A mortar shell fired from Syria killed five people in Akçakale, wounded 13 others and radically changed the political agenda.
Yet, until very recently, Turkey has been discussing the new constitution, the ruling Justice and Development Party’s (AK Party) congress and the democratic promises made during this congress, and the developments concerning the Kurdish issue.
This agenda swiftly changed on Wednesday evening.
As I penned this article, Parliament was discussing a motion to allow the government to take retaliatory measures against Syria. Speaking on behalf of the government, AK Party Deputy Chairman Ömer Çelik stressed that this motion should not be perceived as a “war motion,” but as an expression of Turkey’s determination to use its rights arising from the international law. Çelik also noted that national responsibility means that all political parties should lend support to the government. It is clear that we should adopt a “national” perspective on all of these developments.
The preliminary remarks from the main opposition Republican People’s Party (CHP) implied that it would not back this motion. However, when a Turkish warplane was downed by Syria, killing two pilots, the CHP leader displayed a different attitude and made references to Turkey’s intervention in Cyprus. He equated landing troops in Cyprus to declaring war on Syria, and referring to the Cyprus operation that had started with Turan Güneş’s historic signal, “Ayşe went on a holiday,” he said he wanted the government to launch a military campaign against Syria by saying, “Ayşe went on a holiday” for a second time.
Now, the CHP exhibits a different position and says it will not say “yes” to the war motion.
There is no reason why Turkey should want to start a war. We have witnessed numerous times that Turkey’s decision-makers did not pay any heed to the nationalistic sentiments of the general public in similar cases.
But this does not mean that Turkey will tolerate every aggression against itself.
In the final analysis, this is an attack against the territories of a NATO member. Moreover, this is not a first of its kind. Similar mortar attacks have occurred in the past as well.
The preliminary findings indicate that these attacks came from the Syrian army which has continued clashes with the Free Syrian Army (FSA) along the border regions in an effort to recapture its positions. I don’t know if it is technically possible to fire such long range mortars so as to hit the center of Akçakale. Still, it is not realistic to assume that the whole incident was an accident.
In my opinion, the Akçakale incident can be readily seen as a new move from Assad and international powers that collaborate with him.
Aleppo was demolished. Defections from the Syrian army and even from the pro-Baath military/civilian bureaucracy escalated. Time is running out for Assad. Assad will not win the war he wages against his own public. But if this war can be carried beyond the Syrian borders, a long historical process and a bag of problems, equal in depth and scope to the Palestinian or Kurdish issue, can be created in the Middle East. The Syrian revolution and its counter-revolution can thus be transformed into a revolution into which all political players of the world are dragged. Turkey’s declaring war on Syria can give an international character to this revolution which currently looks like a national or internal problem.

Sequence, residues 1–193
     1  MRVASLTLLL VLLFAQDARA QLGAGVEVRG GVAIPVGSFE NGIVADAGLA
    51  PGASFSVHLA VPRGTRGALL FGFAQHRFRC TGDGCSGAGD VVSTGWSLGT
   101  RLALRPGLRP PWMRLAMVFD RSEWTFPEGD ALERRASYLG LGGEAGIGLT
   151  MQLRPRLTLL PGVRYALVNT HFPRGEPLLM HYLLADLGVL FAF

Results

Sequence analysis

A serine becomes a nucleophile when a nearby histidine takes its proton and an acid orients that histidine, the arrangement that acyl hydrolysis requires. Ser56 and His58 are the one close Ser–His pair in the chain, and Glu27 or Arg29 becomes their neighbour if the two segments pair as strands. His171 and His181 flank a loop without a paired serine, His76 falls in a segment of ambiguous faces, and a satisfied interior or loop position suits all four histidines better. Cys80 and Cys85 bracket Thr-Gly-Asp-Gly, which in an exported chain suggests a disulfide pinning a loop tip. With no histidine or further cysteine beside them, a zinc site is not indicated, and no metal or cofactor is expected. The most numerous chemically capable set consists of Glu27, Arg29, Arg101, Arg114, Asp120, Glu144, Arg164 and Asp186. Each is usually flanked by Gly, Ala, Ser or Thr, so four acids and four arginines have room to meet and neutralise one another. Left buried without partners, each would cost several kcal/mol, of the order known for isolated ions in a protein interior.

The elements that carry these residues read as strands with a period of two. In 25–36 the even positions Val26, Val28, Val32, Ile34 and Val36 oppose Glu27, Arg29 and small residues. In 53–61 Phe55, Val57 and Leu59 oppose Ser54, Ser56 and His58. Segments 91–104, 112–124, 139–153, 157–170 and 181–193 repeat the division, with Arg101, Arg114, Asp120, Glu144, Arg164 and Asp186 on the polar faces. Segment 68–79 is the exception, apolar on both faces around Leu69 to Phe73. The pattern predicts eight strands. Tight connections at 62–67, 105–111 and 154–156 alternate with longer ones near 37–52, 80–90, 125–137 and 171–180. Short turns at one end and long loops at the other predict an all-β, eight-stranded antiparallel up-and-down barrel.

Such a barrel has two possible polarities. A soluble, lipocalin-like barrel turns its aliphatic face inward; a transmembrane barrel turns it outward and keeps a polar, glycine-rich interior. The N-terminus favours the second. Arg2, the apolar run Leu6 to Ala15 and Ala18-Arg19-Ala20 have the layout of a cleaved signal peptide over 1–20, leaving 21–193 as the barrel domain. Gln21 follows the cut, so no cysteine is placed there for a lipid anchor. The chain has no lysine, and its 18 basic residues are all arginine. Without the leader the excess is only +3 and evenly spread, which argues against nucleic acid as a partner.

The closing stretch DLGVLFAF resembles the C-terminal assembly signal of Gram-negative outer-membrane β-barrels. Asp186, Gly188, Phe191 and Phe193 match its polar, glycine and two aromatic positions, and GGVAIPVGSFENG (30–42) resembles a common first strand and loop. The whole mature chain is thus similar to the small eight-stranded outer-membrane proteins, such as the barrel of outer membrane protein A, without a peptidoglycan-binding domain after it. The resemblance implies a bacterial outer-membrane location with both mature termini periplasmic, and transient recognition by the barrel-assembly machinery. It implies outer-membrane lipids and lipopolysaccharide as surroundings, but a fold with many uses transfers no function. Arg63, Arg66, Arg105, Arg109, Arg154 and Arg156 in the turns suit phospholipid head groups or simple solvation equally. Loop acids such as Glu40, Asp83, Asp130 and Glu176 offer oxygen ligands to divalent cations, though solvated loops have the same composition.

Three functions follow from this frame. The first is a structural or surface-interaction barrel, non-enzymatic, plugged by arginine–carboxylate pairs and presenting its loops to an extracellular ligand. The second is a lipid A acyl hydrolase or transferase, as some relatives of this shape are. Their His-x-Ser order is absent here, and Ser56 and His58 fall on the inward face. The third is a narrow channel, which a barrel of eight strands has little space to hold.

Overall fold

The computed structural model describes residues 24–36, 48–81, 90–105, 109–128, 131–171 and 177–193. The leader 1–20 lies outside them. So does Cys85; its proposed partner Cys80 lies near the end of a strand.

If Turkey fights Syria, this revolution will be able to be marketed not as a nation’s quest to liberate itself from a 40-year dictatorship, but as an ethnic conflict between Arabs and Turks and Kurds.
Furthermore, it will add credence to Assad’s rhetoric of portraying it as a sectarian war.
And most importantly, the Kurdistan Workers’ Party’s (PKK) presence in Syria and Turkey will acquire an international identity based on these developments; in other words, Turkey’s Kurdish issue will transform into an international problem. Therefore, the PKK’s disarmament or any negotiation or dialogue process for potential disarmament will be shelved, and Turkey will have to fight the PKK in two fronts ---in Turkey and in Syria.
In other words, a military operation against Syria will amount to Turkey’s being pulled by Assad into a Vietnam-like quagmire which would be very much like the Russians’ Afghanistan and the Americans’ Vietnam. And in the Syrian territories, Turkey will have to fight 20 million Kurds, not those who want to give it a Vietnam-like quagmire.
According to a news story that appeared in the Financial Times, the PKK’s Syrian offshoot, Democratic Union Party (PYD) are holding meetings with the public to announce PKK leader Abdullah Öcalan’s demand that they should establish an army of 15,000 troops, and calling on young Kurds to join the PYD.
The Kurdish parties that do not have any firepower are sandwiched between Assad’s forces and the PYD troops. Two weeks ago, one of the leaders of these parties was executed.
Syria’s Kurds have been unfortunately delivered to the PKK’s yoke. What do you think Assad’s army is doing by the way? According to the Financial Times story, they play cards in their outposts. Just as Turkey is currently being pulled by the PKK back to the 1990s, it is being pulled to a Vietnam-like quagmire in Syria.
The possibility of President Ahmet Davutoğlu’s being at the helm of the Turkish foreign policy is a great chance. But this is not enough. It is a historic responsibility for the government to carefully manage the process taking into consideration the national delusions and future provocations which may prove more dangerous than the one in Akçakale
Published in Today’s Zaman on Oct. 4, 2012